 The nurse was like an angel, all white and bringing
relief to the injured Marines.
Other kinds of figurative language
 Personification: giving human qualities to animals or
objects; giving lifelike qualities to nonliving things.
A smiling moon was in the sky.
The thunder growled to be let in.
The house’s windows were glowing eyes in the stormy
The book begged to be read.
The telephone’s jangle was a shrill cry in the quiet room.
The train lapped up the miles.
Why use metaphors?
 They enliven ordinary language.
 They are generous to readers and listeners; they encourage
 They are more efficient and economical than ordinary language; they
give maximum meaning with a minimum of words.
 They create new meanings; they allow you to write about feelings,
thoughts, experiences, etc. for which there are no easy words; they are
 They are a sign of genius.
Metaphors convey experience in a way
ordinary words cannot
 Life is a. . .
 rollercoaster, garden, prison, winding journey, full-time
job, rat race, jungle, circus
 Now you try:
 Love is like. . .
 An animal
 Love is like a wild tiger. It may be beautiful, but it’s also
 A place
 Love is like Disney World. It makes you feel like a child again.
 An appliance
 Love is like a washing machine. It spins you round and round.
 A meal
 Love is like an ice cream cone on a hot summer’s day. It’s sweet,
messy, and worth every penny.
Things to avoid when creating metaphors:
 Dead metaphors/clichés
 Clichés are expressions that were once clever or
original but, through constant use, have become worn
and boring.
Life is like a box of chocolates. You never know what
you’re going to get.
Life is a journey, not a destination.
He is being a real bear today.
I was sick as a dog.
More. . .
 Last but not least
 Sick and tired
 Dead on my feet
 In a rut
 Time flies
 You took the words out of my mouth
 Can you think of any?
Creating new metaphors:
 For some people metaphors come easily, for others it
takes time and a lot of thinking
 In both cases, multiple revisions of the metaphors are
probably necessary
 I try to think of characteristics of the thing I want to
describe and then try to match it with something very
different that shares those characteristics. For
A way to approach composing metaphors:
 Try to think of the characteristics of the thing or
idea you are trying to explain:
 Redemption
 Characteristics: makes you feel born anew, gives hope,
wipes the slate clean, takes away sin and corruption,
What concrete things have these effects?
Water, rebirth, striking a record, clean places. . .
Rough attempt: Redemption is having your sins struck
from the record as if they never existed.
Redemption is like a freshly mowed field right after it rains.
How to integrate into your
persuasive essay and speech:
 Try to compare a person, group, action, subject, etc. to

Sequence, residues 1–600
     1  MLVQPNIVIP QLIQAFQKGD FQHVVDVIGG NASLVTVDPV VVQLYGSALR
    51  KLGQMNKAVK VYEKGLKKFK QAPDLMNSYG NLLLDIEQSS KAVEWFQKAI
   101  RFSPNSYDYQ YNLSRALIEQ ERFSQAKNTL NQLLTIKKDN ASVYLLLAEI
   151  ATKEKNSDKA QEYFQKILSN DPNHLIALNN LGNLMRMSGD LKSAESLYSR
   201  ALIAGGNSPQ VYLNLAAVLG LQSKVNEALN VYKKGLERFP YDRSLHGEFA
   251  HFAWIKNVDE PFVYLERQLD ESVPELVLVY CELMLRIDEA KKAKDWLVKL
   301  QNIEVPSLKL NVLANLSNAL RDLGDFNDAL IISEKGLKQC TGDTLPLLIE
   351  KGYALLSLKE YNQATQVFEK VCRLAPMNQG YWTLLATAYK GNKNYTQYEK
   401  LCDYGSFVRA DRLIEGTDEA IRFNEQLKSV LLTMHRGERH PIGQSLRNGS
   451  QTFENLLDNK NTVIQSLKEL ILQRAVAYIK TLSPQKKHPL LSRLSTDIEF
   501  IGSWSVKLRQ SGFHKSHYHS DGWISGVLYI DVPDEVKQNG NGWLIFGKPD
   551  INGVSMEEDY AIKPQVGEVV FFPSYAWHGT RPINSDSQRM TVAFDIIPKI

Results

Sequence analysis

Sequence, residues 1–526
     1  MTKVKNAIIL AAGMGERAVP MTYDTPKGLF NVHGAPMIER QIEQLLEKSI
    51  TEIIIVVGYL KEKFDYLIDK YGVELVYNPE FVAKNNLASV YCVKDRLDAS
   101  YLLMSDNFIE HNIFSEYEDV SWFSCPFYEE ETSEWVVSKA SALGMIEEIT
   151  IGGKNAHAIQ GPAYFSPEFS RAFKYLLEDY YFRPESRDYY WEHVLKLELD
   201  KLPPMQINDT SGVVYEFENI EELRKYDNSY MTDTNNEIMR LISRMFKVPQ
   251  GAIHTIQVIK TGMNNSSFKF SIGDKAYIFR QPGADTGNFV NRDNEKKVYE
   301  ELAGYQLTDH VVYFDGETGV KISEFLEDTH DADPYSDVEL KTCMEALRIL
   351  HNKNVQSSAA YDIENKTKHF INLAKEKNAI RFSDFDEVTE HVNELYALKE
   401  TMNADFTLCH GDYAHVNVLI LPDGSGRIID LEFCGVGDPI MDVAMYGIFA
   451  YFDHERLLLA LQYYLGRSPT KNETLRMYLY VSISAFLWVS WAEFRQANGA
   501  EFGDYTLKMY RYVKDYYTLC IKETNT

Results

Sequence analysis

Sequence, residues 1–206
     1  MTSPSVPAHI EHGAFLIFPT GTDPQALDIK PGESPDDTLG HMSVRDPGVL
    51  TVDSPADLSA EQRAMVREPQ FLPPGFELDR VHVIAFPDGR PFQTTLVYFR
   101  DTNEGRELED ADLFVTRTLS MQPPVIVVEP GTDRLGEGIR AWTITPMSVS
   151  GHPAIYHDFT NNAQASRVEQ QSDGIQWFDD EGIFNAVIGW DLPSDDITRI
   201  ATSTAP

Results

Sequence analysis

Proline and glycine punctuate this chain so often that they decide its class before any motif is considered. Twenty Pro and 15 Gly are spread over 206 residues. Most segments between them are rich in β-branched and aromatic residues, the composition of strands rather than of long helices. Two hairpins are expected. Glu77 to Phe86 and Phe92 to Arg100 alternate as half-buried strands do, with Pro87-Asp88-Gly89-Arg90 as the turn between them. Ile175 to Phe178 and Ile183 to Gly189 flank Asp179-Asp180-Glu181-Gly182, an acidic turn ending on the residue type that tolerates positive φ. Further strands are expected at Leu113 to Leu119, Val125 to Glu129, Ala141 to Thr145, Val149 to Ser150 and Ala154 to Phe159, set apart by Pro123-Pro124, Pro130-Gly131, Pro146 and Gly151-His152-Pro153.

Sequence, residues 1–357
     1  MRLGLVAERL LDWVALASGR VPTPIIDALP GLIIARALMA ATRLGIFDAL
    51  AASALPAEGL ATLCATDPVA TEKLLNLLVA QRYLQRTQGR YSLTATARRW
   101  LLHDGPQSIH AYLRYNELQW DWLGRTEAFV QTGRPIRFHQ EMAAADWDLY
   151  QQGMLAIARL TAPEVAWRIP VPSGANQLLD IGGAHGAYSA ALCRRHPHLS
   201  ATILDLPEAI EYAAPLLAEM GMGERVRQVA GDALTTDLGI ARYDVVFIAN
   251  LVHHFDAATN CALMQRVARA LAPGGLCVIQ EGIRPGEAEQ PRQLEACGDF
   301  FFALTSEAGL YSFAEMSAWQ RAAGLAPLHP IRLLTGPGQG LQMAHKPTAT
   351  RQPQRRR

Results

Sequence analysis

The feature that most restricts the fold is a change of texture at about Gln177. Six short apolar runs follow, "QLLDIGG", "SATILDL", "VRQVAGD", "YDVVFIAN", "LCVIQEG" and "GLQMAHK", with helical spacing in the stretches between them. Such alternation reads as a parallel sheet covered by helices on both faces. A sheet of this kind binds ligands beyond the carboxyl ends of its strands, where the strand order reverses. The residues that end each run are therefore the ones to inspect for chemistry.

something in your issue
 What is [fill in issue here] like?
 The current nursing situation
 The current climate crisis
 The current state of high gas prices
 The people arguing that video games are harmful
Figurative language examples
taken from student essays
 On the housing crisis:
 “The current housing crisis,
coupled with our present bad
economy, has hit our country
with a steel fist, and has
affected everyone and
 “While there are many
culprits who shoulder the
responsibility of our current
economic situation, a huge
contributor has been the rise
in subprime mortgages.”
 “Until the economy gets back on
its feet, there will be no way of
knowing which jobs will be safe
and which ones will not.”
 “The one bright light out of all
this darkness cast by the
housing crisis is the lesson that
the future generation can learn.”
Figurative Language Examples in the
“President-elect Barack Obama wants to make something very
clear: The economy is not going to immediately recover when he
takes his oath of office, but he has a plan to get the country
Obama introduced a recovery plan ‘equal to the task’ that would be
the largest public works spending program since the interstate
highway system was build a half-century ago.
‘We've got to provide a blood infusion to the patient right now
to make sure that the patient is stabilized. And that means
that we can't worry short term about the deficit. We've got to
make sure that the economic stimulus plan is large enough to get
the economy moving,’ Obama said during an interview that aired
Sunday on NBC's ‘Meet the Press.’”
Figurative Language Examples in
the News
"’I think several individuals are very frustrated to think that
President-elect Obama may just cut and paste from some
of the Democratic operatives from the Clinton
administration and put them into his White House,’ said
Leslie Sanchez, a Republican strategist and CNN
Republicans aren't the only ones who want Obama to branch
out. Robert Kuttner, a liberal and author of ‘Obama's
Challenge,’ says the president-elect should broaden his
recruiting efforts.”